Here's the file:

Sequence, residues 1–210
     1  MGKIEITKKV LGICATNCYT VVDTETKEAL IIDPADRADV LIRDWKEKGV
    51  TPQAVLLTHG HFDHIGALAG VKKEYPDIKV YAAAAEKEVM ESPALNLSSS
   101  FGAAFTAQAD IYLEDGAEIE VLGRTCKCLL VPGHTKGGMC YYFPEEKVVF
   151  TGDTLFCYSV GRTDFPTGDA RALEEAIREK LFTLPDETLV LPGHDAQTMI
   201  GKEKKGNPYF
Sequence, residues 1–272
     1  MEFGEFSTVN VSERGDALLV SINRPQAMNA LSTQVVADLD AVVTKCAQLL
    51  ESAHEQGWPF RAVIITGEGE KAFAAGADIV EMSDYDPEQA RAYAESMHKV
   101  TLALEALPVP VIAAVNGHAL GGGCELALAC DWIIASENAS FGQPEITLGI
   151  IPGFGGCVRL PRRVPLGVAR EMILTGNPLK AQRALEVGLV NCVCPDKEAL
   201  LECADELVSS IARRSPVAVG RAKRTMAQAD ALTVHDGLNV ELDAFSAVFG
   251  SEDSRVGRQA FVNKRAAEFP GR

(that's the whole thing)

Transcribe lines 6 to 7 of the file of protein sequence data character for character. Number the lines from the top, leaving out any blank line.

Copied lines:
   201  GKEKKGNPYF
Sequence, residues 1–272